“Yeah, I’d like to know that, too,” said Busch.
“That was all guilt by association, man, I’m telling you. I didn’t do a damn thing. Jenkins was just fuckin’ infatuated with that girl, couldn’t get her out of his mind, you know? So we’re having a few beers, right, the night he banged her—”
“The night he raped her,” said Henry.
“Yeah, sure. Anyway, we go and watch her perform at some dive, and afterwards he tries to chat her up at the bar, and she won’t give him the time of day. I can’t blame her, really, fuckin’ ugly as Bobby was. Anyway, that really puts a thorn in his side, so he says we’re going to wait out in the car for her to leave. He drinks a few more beers and gets himself all riled up, so when he spots her, he follows her and, you know, jumps her. I didn’t lay a hand on her myself. Like I said, guilt by association. Cops thought I had something to do with it for sure, so I gave the DA a statement and pleaded to assault.”
“Why did she always insist that you raped her, too?”
“Hey, man, I don’t know—who can figure out why girls do the things they do, right? She probably wanted the attention.”
“What about Tammy Fitch?” said Slomann.
“What about her?”
“Raped and murdered—beaten to death, and not long after you got out of the joint for the Collins assault.”
“Yeah, the cops tried to pin that shit on me, man, but I walked. Insufficient evidence.”
“That’s the kind of thing I’m talking about,” said Henry. “You just wanted to rape that girl, right? But you had to beat her up to do it, and she died incidentally from the beating. You didn’t mean to kill her, right?”
“I didn’t have nothing to do with that,” said Stendon.
“A witness put you at the scene of the crime,” said Slomann.
“Yeah, and that dude turned out to be a big fuckin’ liar.”
“And then we have this most recent conviction of yours,” said Slomann.
“That was all one big misunderstanding, man. I met her in Fairmount Park. We were getting real friendly—you know, drinking, having our own little party. She was coming on to me like you wouldn’t believe.”
“Just like Sheryl Jenkins,” said Henry.
“No, not just like,” said Stendon. “This ain’t at all the same. This girl, whatever her name was—“
“Susan,” said Slomann. “Susan Michaels.”
“Right,” said Stendon. “Only she called herself Suzie. Anyway, our little Suzie’s one of those types likes to think she’s in charge, you know what I mean? Thinks she can drink your beer, bum your smokes, and boss you around all she wants.”
“So you put her in her place?” said Slomann.
“No, no, man, no. It wasn’t like that. You’re not listening. All I’m saying is, we were getting friendly. Things are taking their natural course, right? And, okay, maybe I got a little rough with her, but she was acting like she was really into it. She wanted to be slapped around a little, you know? So, hell, I obliged her—that’s all. And then she starts screaming like I got a gun to her head, and this cop happens to be passing by.”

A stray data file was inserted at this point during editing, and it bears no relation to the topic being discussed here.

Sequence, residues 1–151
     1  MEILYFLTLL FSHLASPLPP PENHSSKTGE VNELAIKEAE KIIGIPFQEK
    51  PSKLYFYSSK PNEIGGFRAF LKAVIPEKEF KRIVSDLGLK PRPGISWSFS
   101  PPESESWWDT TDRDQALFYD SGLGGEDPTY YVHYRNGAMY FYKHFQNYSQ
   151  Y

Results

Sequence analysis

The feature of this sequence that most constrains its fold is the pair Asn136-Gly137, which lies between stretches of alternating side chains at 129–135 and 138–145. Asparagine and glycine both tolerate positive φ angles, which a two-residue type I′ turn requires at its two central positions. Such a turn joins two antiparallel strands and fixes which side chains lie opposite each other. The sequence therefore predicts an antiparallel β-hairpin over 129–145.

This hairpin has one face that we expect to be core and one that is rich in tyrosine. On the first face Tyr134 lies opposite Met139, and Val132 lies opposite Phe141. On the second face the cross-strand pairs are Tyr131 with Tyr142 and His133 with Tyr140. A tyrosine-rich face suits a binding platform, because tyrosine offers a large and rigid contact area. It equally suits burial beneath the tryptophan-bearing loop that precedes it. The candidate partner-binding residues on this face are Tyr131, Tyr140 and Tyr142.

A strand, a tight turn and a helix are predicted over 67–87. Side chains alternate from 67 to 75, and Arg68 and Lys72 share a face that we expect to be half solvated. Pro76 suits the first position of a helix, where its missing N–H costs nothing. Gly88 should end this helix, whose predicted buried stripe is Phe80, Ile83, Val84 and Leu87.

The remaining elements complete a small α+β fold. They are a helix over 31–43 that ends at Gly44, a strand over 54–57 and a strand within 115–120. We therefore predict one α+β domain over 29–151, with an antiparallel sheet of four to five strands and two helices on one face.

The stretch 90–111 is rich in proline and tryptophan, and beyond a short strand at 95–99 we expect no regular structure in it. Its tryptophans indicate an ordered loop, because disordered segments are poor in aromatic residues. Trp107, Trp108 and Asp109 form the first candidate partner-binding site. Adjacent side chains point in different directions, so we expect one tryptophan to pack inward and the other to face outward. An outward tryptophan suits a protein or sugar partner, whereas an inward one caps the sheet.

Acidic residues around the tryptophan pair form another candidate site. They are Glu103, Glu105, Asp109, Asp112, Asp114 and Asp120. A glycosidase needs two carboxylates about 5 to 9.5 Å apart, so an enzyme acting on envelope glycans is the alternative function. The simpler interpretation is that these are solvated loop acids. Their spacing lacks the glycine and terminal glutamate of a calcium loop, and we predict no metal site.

“You were arrested on another assault charge.”
“She had a few bruises on her arm—that was it. Probably there before I even touched her.”
“And you did what, a year and a half?”
“A little less,” said Stendon.
“Where’re you from, Ray,” said Busch. “Your file says you were born in Philly, but you don’t have the usual accent.”
“Yeah, I was born in Philly,” he said, leaning back in the chair, “but raised in the South.”
“Kentucky,” said Henry.
“Bingo, Professor,” he said. “Kentucky, little place near Hodgenville. You know it? That’s where Abe Lincoln was born, believe it or not. The old man had a job down there for a few years. We moved back to Philly when I was thirteen.”
“And you never tried to lose the accent.”
“Why would I?” he said. “Girls like it, you know? That little Sheryl Jenkins told me she thought it was sexy. Her word, not mine.”
“Did you attend school in Kentucky?” said Henry.
“Some. The old man kept pulling me out, said it was a waste of time. He never even made it to high school.”
“And you had your difficulties at school here in the city. You never graduated.”
“I’m not ashamed of that,” said Stendon. “I admire people like you who’re educated, doc, but that whole school thing just wasn’t for me. Too many rules to follow, for one thing. Bunch of loser teachers trying to tell you what to do.”
Slomann clicked off the digital recorder and slid his chair back from the table. “Excuse us a minute, Ray.”
“No problem,” he said, sitting back in the chair. “Take your time.”
In the hallway Henry huddled together with Slomann and Busch. “I know what you’re going to say,” said Slomann.
“He’s not our man,” said Henry.
“He doesn’t fit the profile.”
“No, he doesn’t. He’s definitely a predator, hates women, loves to use them. But he’s not a serial murderer. He seems to have good instincts for people’s weaknesses. He’s able to find women who are vulnerable and attack them. I’m sure he’s assaulted any number of women we don’t even know about. But he wouldn’t even bother to drug them—he probably enjoys it when they fight back. Domination and rape are his motivations, not ritualized murder.”
“He didn’t kill Sheryl Jenkins or Kelly Morris,” said Slomann.
Henry shook his head. “No, I’m sure of it.”
“Besides,” said Busch, “a smart college kid like Kelly Morris would never let that guy get close to her.”
“All right,” said Slomann. “I’ll check with Sibilantos to see if he wants to violate him for the weed. Otherwise, we’ll cut him loose.”
Click Follow to receive emails when this author adds content on Bublish